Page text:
News and culture through the lens of Southern California.
Hosted by A Martínez
Airs Weekdays 2 to 3 pm

Teen pregnancy prevention program in LAUSD and Compton fighting for survival after federal cuts

A woman inspecting a pregnancy test.
A woman inspecting a pregnancy test.
Jason Coleman via Flickr Creative Commons

Listen to story

Download this story 9MB

Last month, over 80 teen pregnancy prevention programs around the country got word they are facing a fiscal cliff. The federal Office of Adolescent Health, overseen by the Trump Administration's Department of Health and Human Services, informed researchers and educators their grant funding will be cut short. For most, that means ending curriculum and data gathering two years early.

One of the programs left reeling from the news serves students and parents in Los Angeles and Compton Unified School Districts. It's called "Keeping It Real Together."

A co-director of the program joined A Martinez on Tuesday to discuss.

Dr. Kristin Meyer is the Director of Youth Prevention Programs with the L.A. County Department of Public Health division of HIV & STD programs.

Tell me about Keeping it Real Together. You're working with USC to lower the teenage pregnancy rate--Who do you reach? And what's the curriculum like?

This is the second grant we've received from the Office of Adolescent Health. The first was an efficacy based program where we took a middle school program called, "It's My Game, Keep It Real," and we tested it among middle schoolers in L.A. County, across 24 middle schools. It was found to be effective in encouraging positive attitudes about delaying sex, abstinence, and condom use when they do become sexually active. And because this was such a successful grant, the Office of Adolescent Health awarded us a second grant, known as a scale-up grant, which is what we have right now. We're going to be in 45 middle schools this year, and 11 high schools. And we're hoping to reach over 800 parents with our parent curriculum.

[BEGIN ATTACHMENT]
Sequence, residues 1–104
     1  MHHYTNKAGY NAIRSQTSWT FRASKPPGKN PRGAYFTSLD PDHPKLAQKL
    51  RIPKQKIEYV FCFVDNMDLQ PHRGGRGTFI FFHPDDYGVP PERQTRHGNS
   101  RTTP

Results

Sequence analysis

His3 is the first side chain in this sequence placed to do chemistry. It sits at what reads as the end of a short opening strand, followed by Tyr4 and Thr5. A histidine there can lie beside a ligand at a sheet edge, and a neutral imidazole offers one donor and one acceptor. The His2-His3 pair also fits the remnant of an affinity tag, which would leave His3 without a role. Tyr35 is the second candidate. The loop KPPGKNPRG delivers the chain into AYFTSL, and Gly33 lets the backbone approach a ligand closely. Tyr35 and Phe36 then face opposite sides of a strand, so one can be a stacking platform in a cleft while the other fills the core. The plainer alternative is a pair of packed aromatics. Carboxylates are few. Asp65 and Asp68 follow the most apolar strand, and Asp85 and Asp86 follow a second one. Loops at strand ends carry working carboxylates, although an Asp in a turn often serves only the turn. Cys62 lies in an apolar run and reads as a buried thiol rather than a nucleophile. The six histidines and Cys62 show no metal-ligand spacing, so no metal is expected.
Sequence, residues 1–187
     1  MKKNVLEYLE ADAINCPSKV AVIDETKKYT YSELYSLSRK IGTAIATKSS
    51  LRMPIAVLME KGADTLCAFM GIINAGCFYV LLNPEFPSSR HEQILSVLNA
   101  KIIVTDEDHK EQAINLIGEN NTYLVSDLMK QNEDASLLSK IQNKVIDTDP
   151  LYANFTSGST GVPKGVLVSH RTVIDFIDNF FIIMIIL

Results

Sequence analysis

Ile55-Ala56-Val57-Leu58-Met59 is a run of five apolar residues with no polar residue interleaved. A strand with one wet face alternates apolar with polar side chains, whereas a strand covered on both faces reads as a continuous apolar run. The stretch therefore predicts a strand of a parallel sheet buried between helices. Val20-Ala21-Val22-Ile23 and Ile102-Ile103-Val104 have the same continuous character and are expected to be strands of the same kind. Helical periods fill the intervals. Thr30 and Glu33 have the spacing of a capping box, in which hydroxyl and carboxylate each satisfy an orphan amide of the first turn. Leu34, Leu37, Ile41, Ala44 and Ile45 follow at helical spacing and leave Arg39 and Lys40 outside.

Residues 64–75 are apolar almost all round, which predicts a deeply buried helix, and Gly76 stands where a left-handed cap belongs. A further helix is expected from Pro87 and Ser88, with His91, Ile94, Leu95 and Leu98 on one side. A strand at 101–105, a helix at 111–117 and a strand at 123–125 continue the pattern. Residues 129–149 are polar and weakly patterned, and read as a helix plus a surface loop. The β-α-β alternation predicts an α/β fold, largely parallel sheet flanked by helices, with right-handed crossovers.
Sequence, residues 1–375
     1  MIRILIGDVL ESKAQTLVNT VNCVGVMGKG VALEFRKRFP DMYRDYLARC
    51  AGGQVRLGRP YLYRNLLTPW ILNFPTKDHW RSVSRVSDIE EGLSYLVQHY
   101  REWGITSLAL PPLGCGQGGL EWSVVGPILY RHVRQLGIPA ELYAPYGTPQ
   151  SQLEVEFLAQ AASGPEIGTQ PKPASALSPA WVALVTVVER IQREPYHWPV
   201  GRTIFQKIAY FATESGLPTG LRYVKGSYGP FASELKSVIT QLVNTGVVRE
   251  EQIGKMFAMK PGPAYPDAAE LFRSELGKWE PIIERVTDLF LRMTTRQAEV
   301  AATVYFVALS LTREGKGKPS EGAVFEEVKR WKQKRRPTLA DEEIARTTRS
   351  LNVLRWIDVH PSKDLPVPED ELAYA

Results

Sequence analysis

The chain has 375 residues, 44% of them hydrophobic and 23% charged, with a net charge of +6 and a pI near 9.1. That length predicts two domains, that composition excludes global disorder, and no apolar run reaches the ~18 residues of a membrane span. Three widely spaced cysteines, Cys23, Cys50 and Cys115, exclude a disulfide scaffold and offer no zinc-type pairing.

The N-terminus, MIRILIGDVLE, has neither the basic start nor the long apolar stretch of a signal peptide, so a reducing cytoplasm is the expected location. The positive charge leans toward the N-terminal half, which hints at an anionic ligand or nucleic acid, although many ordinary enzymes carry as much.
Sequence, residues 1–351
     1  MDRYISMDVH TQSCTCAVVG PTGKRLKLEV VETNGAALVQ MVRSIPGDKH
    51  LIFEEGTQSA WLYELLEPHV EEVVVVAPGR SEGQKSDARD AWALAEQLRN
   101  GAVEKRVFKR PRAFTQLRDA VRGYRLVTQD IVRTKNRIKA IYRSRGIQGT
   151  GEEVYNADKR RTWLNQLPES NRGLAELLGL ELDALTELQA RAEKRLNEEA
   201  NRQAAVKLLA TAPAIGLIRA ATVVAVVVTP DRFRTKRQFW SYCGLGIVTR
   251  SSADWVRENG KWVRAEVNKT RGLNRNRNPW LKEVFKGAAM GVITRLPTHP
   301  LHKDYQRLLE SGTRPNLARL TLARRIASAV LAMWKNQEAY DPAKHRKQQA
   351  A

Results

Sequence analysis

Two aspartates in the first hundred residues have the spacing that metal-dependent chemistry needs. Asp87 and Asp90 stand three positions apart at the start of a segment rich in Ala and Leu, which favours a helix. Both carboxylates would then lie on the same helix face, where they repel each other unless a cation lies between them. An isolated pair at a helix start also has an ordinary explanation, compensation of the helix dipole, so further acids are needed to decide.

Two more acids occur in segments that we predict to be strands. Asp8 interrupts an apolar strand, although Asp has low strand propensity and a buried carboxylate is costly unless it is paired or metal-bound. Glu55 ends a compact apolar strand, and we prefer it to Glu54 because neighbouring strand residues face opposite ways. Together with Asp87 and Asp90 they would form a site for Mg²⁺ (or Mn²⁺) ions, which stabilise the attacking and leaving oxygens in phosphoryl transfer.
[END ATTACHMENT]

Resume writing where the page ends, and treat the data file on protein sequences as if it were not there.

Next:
Unfortunately because of the funding environment, this will be the last year of the program, it's anticipated, though we are working closely with our partners at LAUSD and Compton USD and other community partners to find a way forward to sustain the progress that we've made locally.

I'm interested in these workshops for parents. I think a lot of parents out there want to know, what's the best course of advice on how to talk to a kid about sexual health?

This is a very common question. Most parents are not comfortable talking to their kids about these sensitive issues. But they are among the most influential individuals in a child's life. We know scientifically, when parents share their goals for their kids, and share that they wish them to have healthy adult lives, kids are more likely to delay sex or to protect their health.

So our program is a 2-3 hour workshop...either in Spanish and English, and it gets parents more familiar with puberty and human development but also starts the conversation with them. What's a healthy relationship? Connecting with their kids. How to start that conversation and how to express their hopes for their kids that they will protect their health and make smart decisions moving forward.

Tell me about the letter you received last month? What did it say and who was it from?

We annually get a 'Notice of Grant Award,' usually at the start of the grant year, which is the beginning of July. It states the funding that we'll be getting for that year. This notice came on the 5th of July. It was just a simple 2-3 sentence paragraph at the bottom of the front page stating our funding saying that the program would be ending as of June 30th, 2018.

Did you have any warning about this? 

There was no warning, it took us by surprise. We knew policies might be changing in Washington, but we did not anticipate finding this out through the Notice of Grant Award.

Does this kind of thing happen to grant programs a lot when a new administration begins?

In my experience this is an unprecedented change. The federal government has been funding 81 grantees across the country, and many of these are testing the efficacy of curriculum in delaying [sexual activity], but also scaling up what we know to be evidence-based programs. And collecting data to show the impact of these programs. Our nation has invested millions of dollars in these initiatives, and to cut them short by two years means we won't have the data moving forward. It really cuts our nose off to spite our face.

What's the future look like for Keeping it Real Together? And for all of these programs?

One of the benefits of working in this line of work is you find yourself surrounded by people who are very committed--very committed to the youth, to the issues. So we are working very hard with our community partners and partners across the country to look at sustainable routes forward.

We just had a very promising meeting with our teacher advisory board last weekend, teachers from Compton Unified and from LAUSD, planning out ways to help this work move forward. It's a challenging period but we're in it for the long haul.